Gender and Power in New Guinea: A Review of Euphoria

In Lily King’s novel, Euphoria, anthropologist Nell Stone and her new husband Fen are studying the Tam people in the Territory of New Guinea. Nell has recovered from a bout of malaria, and is in her self-described “euphoria” phase of working with a new tribe – the thrill of discovery still fresh but with relationships established enough to start forming some working hypotheses.

Euphoria by Lily King Atlantic Monthly Press, 2014 260 pages (hardcover) Source: personal library Available at Amazon

by Lily King
Atlantic Monthly Press, 2014
260 pages (hardcover)
Source: personal library
Available: Amazon

In some ways, she finds the Tam similar to the neighboring Sepik River people groups about which she has published – to some sensation – back home in America. But there’s something different about the Tam, an undercurrent of sexual dynamics that leads Nell to suspect that, despite appearances, the Tam are a female-dominated society.

Fen, purporting to be her partner in the research, finds this notion ridiculous, dismissing her methods even as he betrays his jealousy at the success of her latest book. He disappears for days with the men, plotting hunting expeditions and coming home for sex and a shave, while Nell throws herself into her work. The balance of power in their relationship becomes even more tenuous as they’re entangled with another anthropologist, Bankson, who turns out to be working nearby.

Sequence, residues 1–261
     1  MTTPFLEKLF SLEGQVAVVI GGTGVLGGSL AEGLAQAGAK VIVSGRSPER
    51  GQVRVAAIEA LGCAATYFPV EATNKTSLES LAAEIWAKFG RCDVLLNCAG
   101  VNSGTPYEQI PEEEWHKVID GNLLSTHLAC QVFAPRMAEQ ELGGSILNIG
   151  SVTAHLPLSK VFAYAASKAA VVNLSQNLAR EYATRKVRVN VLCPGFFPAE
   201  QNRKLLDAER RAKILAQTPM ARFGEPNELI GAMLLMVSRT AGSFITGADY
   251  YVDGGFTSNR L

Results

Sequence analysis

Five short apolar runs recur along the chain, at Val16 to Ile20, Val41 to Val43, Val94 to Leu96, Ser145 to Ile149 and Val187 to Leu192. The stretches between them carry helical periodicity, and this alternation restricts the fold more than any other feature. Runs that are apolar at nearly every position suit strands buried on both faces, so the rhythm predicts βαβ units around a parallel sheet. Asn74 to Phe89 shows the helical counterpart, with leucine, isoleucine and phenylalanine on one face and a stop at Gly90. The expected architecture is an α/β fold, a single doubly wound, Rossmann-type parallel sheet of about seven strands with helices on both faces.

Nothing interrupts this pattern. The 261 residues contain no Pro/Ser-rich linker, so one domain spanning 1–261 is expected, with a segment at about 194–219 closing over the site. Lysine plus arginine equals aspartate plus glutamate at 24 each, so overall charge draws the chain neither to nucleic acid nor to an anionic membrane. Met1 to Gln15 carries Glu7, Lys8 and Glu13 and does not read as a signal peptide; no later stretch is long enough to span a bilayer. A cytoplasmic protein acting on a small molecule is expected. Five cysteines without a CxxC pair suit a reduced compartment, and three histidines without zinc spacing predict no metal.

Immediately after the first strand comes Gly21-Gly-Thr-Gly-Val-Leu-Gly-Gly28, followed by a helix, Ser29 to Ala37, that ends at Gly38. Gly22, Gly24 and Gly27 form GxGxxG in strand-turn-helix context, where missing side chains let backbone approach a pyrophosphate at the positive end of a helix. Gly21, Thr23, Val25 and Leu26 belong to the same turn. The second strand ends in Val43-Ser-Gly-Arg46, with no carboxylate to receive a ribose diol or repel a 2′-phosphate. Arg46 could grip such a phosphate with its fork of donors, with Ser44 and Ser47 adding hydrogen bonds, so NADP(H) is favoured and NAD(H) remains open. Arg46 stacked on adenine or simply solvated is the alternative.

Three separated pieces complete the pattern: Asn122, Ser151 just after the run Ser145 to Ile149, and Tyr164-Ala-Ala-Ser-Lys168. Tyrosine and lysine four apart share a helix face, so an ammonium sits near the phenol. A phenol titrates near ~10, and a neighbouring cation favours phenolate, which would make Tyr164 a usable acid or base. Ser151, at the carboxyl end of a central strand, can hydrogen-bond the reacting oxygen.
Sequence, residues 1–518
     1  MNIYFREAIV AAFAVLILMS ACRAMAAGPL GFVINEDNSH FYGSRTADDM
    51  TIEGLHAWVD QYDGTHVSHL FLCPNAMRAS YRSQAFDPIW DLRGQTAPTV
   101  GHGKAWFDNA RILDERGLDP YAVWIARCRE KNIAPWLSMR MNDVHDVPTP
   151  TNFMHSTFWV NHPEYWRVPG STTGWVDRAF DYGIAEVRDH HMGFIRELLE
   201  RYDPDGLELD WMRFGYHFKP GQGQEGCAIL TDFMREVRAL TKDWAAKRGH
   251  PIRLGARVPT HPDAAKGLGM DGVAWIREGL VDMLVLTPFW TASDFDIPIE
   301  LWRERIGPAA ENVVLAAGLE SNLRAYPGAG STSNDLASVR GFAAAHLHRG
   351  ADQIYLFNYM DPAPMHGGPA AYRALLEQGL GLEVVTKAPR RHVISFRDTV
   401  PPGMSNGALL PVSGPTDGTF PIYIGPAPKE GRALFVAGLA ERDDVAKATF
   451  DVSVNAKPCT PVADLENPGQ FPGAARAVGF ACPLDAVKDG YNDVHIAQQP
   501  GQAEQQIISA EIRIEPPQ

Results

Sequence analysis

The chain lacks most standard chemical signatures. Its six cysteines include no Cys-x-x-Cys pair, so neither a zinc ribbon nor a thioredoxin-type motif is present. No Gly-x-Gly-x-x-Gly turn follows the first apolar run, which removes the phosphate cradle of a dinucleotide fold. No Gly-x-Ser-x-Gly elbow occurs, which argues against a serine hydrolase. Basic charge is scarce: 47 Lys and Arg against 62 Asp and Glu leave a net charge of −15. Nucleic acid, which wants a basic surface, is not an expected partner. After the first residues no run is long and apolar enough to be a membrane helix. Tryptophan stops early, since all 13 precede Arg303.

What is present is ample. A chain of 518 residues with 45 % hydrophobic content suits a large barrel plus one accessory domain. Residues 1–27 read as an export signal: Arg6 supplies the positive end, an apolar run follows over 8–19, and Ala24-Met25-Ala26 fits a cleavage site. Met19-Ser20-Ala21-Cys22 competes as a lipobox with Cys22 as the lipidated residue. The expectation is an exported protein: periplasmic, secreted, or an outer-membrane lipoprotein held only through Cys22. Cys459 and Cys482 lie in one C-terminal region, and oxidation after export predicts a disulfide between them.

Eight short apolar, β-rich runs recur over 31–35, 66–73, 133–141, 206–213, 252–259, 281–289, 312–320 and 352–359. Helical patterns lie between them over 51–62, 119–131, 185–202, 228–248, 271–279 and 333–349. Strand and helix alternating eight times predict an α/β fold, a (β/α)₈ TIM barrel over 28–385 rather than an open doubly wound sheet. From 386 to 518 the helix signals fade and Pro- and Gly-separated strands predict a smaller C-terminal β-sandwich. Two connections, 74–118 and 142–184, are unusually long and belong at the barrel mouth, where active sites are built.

Nell confides to her secret journal that her marriage, her work, her longing for a child, even the sympathetic Bankson are “pulls on me that cancel one another out like an algebraic equation I can’t solve.” The trio are soon drawn into a triangle of work, ego, and desire. Nell works herself to exhaustion, Fen grows dangerously obsessive, and Bankson becomes protective, as the euphoria carries them forward in a “glacial” movement that “gathers up all the debris as it rolls through.”

Inspired by events in the life of anthropologist Margaret Mead, the novel illuminates the anthropological methods and debates of the 1930s. Like Mischa Berlinski’s 2007 Fieldwork, which explores the entanglements of anthropologists in Thailand, Euphoria has the authenticity of a biography with the narrative intensity of a struck match. Quick-paced and rich with memorable characters, King’s storytelling is thick with the heat of cooking fires and the droning of insects and the crossed passions of people who have everything to lose. It’s a story about seizing life and a reminder of the potentially high cost of power and the lasting effects of our choices.

  • semicolon

    Is it as good as Fieldwork (a book I really enjoyed)? Maybe that kind of simplistic comparison is unfair.

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